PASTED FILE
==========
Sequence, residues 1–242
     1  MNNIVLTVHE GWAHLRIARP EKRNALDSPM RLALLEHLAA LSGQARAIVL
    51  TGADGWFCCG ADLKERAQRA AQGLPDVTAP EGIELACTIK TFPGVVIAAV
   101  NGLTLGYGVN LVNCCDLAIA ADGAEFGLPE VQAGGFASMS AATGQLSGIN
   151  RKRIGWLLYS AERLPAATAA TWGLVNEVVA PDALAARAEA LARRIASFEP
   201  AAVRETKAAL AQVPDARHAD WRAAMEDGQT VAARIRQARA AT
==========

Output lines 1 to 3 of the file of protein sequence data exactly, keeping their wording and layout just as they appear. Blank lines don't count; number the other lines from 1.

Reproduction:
Sequence, residues 1–242
     1  MNNIVLTVHE GWAHLRIARP EKRNALDSPM RLALLEHLAA LSGQARAIVL
    51  TGADGWFCCG ADLKERAQRA AQGLPDVTAP EGIELACTIK TFPGVVIAAV